keywords = "Financialization, Wealth , Elites, Financial services, Financialization, Wealth , Elites, Financial services",
    author = "Brooke Harrington",
    year = "2017",
    month = "1",
    doi = "10.1093/ser/mww014",
    language = "English",
    volume = "15",
    pages = "31--63",
    journal = "Socio-Economic Review",
    issn = "1475-1461",
    publisher = "Oxford University Press",
    number = "1",

    }

    Trusts and Financialization. / Harrington, Brooke.

    I: Socio-Economic Review, Bind 15, Nr. 1, 01.2017, s. 31-63.

    Publikation: Bidrag til tidsskriftTidsskriftartikelForskningpeer review

    TY - JOUR

    T1 - Trusts and Financialization

    AU - Harrington,Brooke

    PY - 2017/1

    Y1 - 2017/1

    N2 - This article identifies trusts as a legal structure associated with the global spread of financialization. Although trusts originated in Medieval England, they have acquired a new significance in contemporary finance by virtue of their advantages in terms of 10 profit maximization and capital mobility. As a result, trusts have become common in contemporary structured finance for corporations, in addition to their traditional functions as estate planning and asset protection vehicles for high-net-worth individuals. This article specifies three ways in which the trust structure has facilitated the global spread of financialization: by privileging the rentier–investor within the 15 world economy; by perpetuating a distinctively Anglo-American approach to finance internationally; and by increasing the autonomy of finance vis-a-vis the nation-state. This study shares the primarily descriptive and conceptual intent of Krippner’s work on financialization, but extends it in two ways: by comparing trusts to the better- known corporate form of organizing financial activity, and by showing how private 20 capital is implicated in the financialized economy alongside corporate wealth.

    AB - This article identifies trusts as a legal structure associated with the global spread of financialization. Although trusts originated in Medieval England, they have acquired a new significance in contemporary finance by virtue of their advantages in terms of 10 profit maximization and capital mobility. As a result, trusts have become common in contemporary structured finance for corporations, in addition to their traditional functions as estate planning and asset protection vehicles for high-net-worth individuals. This article specifies three ways in which the trust structure has facilitated the global spread of financialization: by privileging the rentier–investor within the 15 world economy; by perpetuating a distinctively Anglo-American approach to finance internationally; and by increasing the autonomy of finance vis-a-vis the nation-state. This study shares the primarily descriptive and conceptual intent of Krippner’s work on financialization, but extends it in two ways: by comparing trusts to the better- known corporate form of organizing financial activity, and by showing how private 20 capital is implicated in the financialized economy alongside corporate wealth.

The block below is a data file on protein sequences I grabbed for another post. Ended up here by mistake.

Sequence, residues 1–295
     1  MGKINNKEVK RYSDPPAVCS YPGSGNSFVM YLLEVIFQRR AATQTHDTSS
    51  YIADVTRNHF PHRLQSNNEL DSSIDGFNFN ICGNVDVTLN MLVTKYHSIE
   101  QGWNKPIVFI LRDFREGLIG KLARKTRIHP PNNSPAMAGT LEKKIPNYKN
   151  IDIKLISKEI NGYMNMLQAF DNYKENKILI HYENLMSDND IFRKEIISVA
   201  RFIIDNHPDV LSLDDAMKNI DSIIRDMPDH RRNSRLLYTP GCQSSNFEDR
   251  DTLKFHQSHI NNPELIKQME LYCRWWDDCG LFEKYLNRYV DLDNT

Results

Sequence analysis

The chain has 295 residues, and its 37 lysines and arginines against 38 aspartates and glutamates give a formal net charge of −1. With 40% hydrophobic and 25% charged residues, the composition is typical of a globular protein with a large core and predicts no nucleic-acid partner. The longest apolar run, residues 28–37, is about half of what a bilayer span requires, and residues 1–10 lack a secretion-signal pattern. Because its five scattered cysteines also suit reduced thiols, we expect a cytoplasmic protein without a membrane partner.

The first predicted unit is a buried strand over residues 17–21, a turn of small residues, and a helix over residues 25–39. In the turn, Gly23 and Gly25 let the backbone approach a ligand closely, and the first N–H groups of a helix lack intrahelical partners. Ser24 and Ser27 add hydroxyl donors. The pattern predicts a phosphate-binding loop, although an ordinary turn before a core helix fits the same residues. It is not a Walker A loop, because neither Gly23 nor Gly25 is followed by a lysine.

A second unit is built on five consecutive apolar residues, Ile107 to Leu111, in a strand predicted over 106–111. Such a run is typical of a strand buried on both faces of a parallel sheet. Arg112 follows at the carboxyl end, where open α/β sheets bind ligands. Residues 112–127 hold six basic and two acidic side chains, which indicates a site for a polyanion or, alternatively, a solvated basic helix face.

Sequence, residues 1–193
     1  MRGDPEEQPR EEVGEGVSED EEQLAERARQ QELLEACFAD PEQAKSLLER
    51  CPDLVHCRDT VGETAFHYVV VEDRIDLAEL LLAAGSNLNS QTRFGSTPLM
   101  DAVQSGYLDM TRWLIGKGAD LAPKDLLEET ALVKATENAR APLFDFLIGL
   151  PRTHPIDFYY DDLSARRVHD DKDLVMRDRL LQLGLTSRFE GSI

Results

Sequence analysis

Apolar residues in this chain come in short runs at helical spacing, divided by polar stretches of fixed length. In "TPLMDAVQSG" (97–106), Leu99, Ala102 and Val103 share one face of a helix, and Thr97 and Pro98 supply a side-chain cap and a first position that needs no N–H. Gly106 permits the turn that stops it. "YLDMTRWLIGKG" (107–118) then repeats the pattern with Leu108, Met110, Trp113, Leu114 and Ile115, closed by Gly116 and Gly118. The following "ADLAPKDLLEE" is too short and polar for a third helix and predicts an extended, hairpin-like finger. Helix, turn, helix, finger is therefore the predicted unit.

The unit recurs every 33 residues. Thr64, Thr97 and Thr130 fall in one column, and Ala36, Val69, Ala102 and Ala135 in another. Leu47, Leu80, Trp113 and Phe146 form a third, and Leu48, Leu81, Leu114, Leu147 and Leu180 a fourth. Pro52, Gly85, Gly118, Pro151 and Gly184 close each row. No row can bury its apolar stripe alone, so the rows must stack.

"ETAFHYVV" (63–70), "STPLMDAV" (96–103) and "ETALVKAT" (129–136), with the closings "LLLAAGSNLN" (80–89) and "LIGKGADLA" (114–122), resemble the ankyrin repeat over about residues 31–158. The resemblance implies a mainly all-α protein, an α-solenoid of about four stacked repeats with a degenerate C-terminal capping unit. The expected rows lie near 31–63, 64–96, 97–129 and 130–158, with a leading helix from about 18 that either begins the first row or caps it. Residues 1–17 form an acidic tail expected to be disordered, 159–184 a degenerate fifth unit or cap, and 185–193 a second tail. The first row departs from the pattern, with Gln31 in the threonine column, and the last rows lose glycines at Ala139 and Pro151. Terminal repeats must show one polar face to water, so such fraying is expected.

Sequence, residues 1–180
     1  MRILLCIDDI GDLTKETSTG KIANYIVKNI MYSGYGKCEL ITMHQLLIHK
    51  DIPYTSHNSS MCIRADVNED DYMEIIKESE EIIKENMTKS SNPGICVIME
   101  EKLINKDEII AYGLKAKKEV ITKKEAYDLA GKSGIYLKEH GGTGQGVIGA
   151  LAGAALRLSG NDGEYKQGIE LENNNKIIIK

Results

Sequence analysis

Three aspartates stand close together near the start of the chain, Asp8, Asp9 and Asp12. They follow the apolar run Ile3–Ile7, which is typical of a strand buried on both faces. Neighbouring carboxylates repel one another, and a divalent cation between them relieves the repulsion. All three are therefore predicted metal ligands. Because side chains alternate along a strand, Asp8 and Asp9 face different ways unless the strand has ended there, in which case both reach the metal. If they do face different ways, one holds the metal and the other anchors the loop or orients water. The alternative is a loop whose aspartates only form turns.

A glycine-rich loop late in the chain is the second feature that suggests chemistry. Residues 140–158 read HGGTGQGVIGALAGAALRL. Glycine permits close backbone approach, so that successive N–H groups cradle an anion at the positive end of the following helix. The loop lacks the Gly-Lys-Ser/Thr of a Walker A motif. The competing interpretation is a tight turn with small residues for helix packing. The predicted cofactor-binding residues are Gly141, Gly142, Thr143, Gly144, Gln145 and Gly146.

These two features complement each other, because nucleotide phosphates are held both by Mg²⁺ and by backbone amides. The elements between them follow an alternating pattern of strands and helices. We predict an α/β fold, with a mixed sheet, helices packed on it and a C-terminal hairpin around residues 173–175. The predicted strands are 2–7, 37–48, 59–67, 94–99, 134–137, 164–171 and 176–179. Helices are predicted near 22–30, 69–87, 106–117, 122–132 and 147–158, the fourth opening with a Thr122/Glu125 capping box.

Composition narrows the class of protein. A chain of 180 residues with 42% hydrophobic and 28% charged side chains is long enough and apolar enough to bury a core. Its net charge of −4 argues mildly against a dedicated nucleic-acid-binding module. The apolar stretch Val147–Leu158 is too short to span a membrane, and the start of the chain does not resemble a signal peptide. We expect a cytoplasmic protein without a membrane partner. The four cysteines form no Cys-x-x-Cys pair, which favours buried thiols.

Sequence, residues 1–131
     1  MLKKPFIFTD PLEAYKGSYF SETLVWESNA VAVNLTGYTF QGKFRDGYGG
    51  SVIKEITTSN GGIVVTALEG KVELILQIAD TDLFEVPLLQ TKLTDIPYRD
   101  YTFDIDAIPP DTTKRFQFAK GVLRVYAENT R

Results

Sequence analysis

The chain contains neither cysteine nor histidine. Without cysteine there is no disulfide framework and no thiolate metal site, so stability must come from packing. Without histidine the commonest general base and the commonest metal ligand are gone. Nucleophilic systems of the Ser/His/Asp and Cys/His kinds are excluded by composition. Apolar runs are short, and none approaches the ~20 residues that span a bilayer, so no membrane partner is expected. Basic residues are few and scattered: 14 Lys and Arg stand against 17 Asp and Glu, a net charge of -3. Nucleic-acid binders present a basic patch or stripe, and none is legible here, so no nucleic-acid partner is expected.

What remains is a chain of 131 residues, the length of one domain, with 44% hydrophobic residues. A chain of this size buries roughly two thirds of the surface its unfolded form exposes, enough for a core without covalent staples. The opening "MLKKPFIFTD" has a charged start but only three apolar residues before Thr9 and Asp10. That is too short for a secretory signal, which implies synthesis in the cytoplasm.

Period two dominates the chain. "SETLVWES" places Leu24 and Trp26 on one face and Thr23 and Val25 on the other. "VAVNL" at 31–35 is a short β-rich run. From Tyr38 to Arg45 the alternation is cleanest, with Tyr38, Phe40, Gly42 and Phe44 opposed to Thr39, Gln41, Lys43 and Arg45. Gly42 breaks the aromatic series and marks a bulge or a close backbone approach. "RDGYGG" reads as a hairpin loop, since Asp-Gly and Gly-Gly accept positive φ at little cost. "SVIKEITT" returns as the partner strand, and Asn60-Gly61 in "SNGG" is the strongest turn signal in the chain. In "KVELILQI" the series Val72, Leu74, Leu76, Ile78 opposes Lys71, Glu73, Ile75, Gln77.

KW - Financialization

    KW - Wealth

    KW - Elites

    KW - Financial services

    KW - Financialization

    KW - Wealth

    KW - Elites

    KW - Financial services

    UR - http://sfx-45cbs.hosted.exlibrisgroup.com/45cbs?url_ver=Z39.88-2004&url_ctx_fmt=info:ofi/fmt:kev:mtx:ctx&ctx_enc=info:ofi/enc:UTF-8&ctx_ver=Z39.88-2004&rfr_id=info:sid/sfxit.com:azlist&sfx.ignore_date_threshold=1&rft.object_id=111054307361010&rft.object_portfolio_id=&svc.holdings=yes&svc.fulltext=yes

    U2 - 10.1093/ser/mww014

    DO - 10.1093/ser/mww014

    M3 - Journal article

    VL - 15

    SP - 31

    EP - 63

    JO - Socio-Economic Review

    T2 - Socio-Economic Review

    JF - Socio-Economic Review

    SN - 1475-1461

    IS - 1

    ER -